The district court found that Clifford was hired to aid in the repair of the vessel, that he was being hired on a daily basis, and that he later should submit a bill to the Steamship Authority. While noting that there was considerable conflict in the testimony concerning this contract, we find ample support for the district court's description of its terms. It is clear that these did not include an agreement as to what a reasonable daily rate would be. The court therefore had to turn to extrinsic evidence to determine this rate. However, the only extrinsic evidence the district court had was Clifford's own testimony that his "act of pure salvage" entitled him to an award of approximately $1,000,000, the statement in his complaint that his secondary claim in quantum meruit was for $250,000, and evidence that he was paid $600 per day for an underwater survey of the Oak Bluffs terminal, which he performed a few days after the ISLANDER left for Boston.
Somehow, without referring to any of this extrinsic evidence or making any other findings of fact, the district court determined that the "terms and conditions" of the contract called for an award of $150,000 in damages. The explanation for this result is simply lacking. With the scant information that we have, it seems impossible to conclude that Clifford's daily rate was as high as $50,000 or $75,000. It may be that the district court implicitly determined that the contract was not simply for diving but also for conducting a survey, formulating a plan of repair, and immediately overseeing the implementation of that plan, and that such a contract would require a greater daily rate than that for diving. It may also be that the district court saw in the circumstances under which Clifford was hired, an expectation on the part of the SSA that it would have to pay much more if it ultimately asked him to remain on the scene for a long, tiring, trying period of time, which he appears to have done. So too, it may be that the district court factored in the risks which Clifford faced and which must have been obvious at the outset to Broderick and the other SSA officials.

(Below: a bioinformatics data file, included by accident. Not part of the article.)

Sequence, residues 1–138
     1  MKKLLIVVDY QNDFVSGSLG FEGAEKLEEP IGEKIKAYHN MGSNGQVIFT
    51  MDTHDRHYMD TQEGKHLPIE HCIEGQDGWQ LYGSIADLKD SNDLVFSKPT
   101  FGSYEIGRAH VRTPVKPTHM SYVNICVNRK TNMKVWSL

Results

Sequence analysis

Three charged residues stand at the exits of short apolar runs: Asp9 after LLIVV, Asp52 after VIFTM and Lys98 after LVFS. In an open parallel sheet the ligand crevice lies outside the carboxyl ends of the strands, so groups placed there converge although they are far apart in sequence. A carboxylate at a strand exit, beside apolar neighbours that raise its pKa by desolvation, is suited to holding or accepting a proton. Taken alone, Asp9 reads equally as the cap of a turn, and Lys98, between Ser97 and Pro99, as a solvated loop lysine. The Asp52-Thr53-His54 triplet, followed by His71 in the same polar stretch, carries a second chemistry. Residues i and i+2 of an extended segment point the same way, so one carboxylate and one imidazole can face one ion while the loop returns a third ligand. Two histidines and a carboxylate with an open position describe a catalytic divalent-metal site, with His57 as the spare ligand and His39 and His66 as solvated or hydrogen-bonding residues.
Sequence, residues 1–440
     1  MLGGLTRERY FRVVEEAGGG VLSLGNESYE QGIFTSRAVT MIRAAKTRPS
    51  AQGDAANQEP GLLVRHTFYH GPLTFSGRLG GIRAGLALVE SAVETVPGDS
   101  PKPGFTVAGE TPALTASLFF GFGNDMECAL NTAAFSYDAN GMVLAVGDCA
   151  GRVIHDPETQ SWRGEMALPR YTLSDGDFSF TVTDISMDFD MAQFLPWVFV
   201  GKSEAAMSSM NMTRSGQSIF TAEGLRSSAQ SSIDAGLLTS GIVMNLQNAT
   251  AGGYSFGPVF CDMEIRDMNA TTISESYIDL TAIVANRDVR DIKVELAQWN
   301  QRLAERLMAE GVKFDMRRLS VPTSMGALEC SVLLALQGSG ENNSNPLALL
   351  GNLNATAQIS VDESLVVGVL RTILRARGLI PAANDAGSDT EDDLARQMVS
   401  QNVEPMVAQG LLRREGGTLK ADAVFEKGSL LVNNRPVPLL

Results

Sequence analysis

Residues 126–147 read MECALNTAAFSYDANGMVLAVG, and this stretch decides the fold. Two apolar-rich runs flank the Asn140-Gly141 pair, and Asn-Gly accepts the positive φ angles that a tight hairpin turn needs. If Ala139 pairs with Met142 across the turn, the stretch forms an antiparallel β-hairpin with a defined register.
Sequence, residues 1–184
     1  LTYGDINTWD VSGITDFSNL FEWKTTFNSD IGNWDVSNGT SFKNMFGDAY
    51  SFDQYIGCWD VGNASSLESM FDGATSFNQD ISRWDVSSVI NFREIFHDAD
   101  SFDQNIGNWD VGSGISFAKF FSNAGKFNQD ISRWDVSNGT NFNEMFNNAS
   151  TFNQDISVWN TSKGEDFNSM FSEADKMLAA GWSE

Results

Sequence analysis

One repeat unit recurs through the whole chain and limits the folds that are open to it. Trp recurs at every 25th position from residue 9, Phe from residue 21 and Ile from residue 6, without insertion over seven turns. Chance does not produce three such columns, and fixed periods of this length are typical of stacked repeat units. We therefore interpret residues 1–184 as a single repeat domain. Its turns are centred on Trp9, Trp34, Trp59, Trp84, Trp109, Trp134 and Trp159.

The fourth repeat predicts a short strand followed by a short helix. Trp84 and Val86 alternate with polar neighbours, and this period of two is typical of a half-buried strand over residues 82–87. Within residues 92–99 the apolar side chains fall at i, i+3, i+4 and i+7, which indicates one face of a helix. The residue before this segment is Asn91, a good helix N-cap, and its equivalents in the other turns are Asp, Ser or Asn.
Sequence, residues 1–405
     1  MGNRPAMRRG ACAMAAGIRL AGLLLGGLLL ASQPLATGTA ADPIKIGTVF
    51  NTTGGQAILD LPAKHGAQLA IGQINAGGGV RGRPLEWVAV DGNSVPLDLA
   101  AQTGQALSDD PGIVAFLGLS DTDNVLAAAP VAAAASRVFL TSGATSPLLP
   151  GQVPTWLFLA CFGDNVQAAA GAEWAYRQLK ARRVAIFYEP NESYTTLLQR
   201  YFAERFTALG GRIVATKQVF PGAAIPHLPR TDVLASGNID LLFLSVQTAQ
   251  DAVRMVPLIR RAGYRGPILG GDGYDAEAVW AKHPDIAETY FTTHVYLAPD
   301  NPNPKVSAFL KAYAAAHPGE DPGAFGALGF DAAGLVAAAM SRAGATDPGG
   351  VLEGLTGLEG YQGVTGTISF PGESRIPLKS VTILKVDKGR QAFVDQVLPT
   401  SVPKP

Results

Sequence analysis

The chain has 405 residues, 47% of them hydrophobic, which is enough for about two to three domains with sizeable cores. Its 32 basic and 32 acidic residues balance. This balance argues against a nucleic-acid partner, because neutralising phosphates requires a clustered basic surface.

All of these factors and a number of others may have been taken into account by the district court, but we are in no position to know that at this time. This being so, we have no choice but to remand for further findings concerning what damages should be awarded under the contract. Cf. United States v. 20.53 Acres of Land, Etc., 478 F.2d 484, 486-87 (10th Cir. 1973) (case remanded for further findings as to how certain property interests had been valued).
We sympathize with the sense of justice that apparently led the district court to its damages figure: the recognition that although this operation could not quite qualify for the more liberal treatment given pure salvage, it deserved compensation far above that to be expected for a routine contract for services. Nevertheless, there must be in the record sufficient basis for a reasoned judgment for damages. In this case the court should feel free to reopen the record to receive evidence of the worth of the exceptional services that were rendered under such trying circumstances. Should this be allowed, SSA of course should be accorded similar opportunity to submit contrary evidence.3 At the conclusion of such reconsideration, we shall expect specific findings supporting the final award.